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Title:The SAC1p, an integral membrane protein involved in secretory pathway function and actin function in Saccharomyces cerevisiae
Author(s):Cleves, Ann Elizabeth
Doctoral Committee Chair(s):Bankaitis, Vytas A.
Department / Program:Microbiology
Degree Granting Institution:University of Illinois at Urbana-Champaign
Subject(s):Biology, Molecular
Biology, Cell
Biology, Microbiology
Abstract:The secretory pathway of the yeast Saccharomyces cerevisiae is strictly analogous to that of mammalian cells. Proteins destined for secretion are transported in a vectorial fashion from the endoplasmic reticulum to the Golgi apparatus to the cell surface. Superimposed on the normal flow of secretory traffic in yeast is a level of spatial organization. Golgi-derived secretory vesicles are directed to a defined region of the mother cell surface known as the bud. During the budding portion of the cell cycle, secretion and cell surface growth are coincident which results in the selective growth of the bud. The actin cytoskeleton has been implicated as the mediator of the polarized mode of yeast cell growth. The filamentous actin cytoskeleton consists of two structures, asymmetrically-arranged cortical patches and cables which are aligned along the mother cell-bud axis. Structural analyses indicated that the patches could participate in localized membrane growth while the cables are correctly positioned to be involved in directed vesicular transport. Given the proposed relationship between secretion and actin, it seems reasonable that there would be communication between the secretory pathway and the actin cytoskeleton in yeast. Presented in this thesis is evidence that the S. cerevisiae SAC1 gene product could represent one aspect of the mechanism for coupling secretory pathway function and actin assembly in yeast. Mutations in SAC1 were isolated as extragenic suppressors of both Golgi and actin defects. Analysis of the SAC1 gene product revealed that the SAC1p was a 71kD integral membrane protein that exhibited a small cytoplasmic domain. The SAC1p localized to yeast ER and Golgi membranes, but showed no obvious association with the filamentous actin cytoskeleton. Native immunoprecipitation experiments suggested that the SAC1p was an actin binding protein in yeast. Finally, a model is proposed which reconciles how the SAC1p could be involved in the activities of both the secretory pathway and actin cytoskeleton, thereby rendering the SAC1p capable of participating in the spatial restriction imposed on secretory traffic in yeast.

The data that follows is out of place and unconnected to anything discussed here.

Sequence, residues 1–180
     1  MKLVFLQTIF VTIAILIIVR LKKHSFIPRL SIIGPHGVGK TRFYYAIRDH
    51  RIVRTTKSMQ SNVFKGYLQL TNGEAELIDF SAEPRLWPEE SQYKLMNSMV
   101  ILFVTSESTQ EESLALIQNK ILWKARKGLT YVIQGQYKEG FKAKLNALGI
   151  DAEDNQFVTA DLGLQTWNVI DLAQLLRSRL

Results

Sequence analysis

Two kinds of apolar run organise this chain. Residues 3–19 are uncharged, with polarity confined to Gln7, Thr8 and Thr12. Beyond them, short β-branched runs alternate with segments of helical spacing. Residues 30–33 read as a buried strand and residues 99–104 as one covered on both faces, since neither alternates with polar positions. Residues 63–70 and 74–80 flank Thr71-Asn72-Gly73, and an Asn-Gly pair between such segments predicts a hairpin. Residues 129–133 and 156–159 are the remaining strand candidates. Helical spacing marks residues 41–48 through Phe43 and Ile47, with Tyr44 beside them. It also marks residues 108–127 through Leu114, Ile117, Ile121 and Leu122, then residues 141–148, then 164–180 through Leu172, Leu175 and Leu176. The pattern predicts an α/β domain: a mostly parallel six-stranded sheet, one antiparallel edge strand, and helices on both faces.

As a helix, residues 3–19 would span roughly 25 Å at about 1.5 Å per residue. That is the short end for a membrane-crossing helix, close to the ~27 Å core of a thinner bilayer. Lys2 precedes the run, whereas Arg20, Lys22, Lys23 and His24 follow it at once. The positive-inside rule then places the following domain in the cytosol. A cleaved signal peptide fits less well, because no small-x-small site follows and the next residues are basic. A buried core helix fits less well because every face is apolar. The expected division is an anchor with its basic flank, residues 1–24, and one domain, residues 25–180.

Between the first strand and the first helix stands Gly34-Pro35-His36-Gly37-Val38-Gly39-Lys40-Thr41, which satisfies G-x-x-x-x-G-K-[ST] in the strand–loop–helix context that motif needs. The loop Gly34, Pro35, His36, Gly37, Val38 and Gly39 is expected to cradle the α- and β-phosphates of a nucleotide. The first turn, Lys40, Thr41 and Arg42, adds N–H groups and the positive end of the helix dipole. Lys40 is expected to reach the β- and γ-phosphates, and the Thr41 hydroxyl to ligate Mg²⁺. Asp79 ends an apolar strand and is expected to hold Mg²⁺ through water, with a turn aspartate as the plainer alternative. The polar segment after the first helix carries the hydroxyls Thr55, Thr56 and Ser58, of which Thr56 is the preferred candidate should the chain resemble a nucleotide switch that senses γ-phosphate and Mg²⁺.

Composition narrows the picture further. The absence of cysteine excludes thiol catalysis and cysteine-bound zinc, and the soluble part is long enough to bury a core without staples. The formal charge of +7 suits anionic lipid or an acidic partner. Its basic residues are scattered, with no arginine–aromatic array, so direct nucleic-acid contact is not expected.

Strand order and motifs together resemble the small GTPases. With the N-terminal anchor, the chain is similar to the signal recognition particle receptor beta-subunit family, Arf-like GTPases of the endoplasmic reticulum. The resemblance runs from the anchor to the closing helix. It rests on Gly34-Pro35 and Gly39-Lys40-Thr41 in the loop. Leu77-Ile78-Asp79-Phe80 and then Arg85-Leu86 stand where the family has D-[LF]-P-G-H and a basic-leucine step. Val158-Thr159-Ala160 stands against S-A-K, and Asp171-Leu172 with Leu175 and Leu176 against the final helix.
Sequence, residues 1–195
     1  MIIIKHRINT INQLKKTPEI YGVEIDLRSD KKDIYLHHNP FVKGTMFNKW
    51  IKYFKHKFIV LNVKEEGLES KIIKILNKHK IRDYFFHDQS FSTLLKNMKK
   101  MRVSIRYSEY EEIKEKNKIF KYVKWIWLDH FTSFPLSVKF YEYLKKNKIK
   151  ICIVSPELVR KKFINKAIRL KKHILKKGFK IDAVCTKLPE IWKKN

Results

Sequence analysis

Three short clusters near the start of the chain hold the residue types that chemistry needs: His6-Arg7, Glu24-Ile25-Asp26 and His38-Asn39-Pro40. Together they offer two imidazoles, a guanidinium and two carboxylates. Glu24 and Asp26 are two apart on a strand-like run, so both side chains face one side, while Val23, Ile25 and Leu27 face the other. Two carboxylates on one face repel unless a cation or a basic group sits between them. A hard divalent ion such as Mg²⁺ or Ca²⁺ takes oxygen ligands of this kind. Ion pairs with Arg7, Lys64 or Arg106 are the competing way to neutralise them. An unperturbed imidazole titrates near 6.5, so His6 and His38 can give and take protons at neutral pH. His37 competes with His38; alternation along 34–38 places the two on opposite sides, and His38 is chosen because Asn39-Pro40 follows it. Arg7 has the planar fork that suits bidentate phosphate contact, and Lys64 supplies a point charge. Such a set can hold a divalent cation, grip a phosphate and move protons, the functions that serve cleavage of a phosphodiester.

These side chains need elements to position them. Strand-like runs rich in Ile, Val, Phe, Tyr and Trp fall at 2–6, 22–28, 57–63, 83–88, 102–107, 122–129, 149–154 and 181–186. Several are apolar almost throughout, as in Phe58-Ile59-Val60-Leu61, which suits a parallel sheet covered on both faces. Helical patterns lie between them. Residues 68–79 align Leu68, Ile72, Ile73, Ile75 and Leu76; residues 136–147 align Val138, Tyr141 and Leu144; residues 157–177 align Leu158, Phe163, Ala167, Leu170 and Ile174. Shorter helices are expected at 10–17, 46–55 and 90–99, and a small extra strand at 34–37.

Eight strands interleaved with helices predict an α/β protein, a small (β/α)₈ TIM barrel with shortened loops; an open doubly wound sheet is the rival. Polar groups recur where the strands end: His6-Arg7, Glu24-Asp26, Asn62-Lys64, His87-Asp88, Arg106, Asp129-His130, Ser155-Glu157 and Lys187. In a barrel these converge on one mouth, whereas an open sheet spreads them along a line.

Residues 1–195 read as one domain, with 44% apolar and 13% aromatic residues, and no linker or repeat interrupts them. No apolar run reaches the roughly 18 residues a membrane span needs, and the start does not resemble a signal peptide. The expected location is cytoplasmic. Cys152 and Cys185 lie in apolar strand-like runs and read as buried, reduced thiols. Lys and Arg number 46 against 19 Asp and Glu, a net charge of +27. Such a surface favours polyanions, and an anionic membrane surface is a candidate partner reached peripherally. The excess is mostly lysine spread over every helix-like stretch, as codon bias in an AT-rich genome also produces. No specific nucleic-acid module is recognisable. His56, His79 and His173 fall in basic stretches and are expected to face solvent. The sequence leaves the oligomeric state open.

Issue Date:1992
Rights Information:Copyright 1992 Cleves, Ann Elizabeth
Date Available in IDEALS:2011-05-07
Identifier in Online Catalog:AAI9215797
OCLC Identifier:(UMI)AAI9215797

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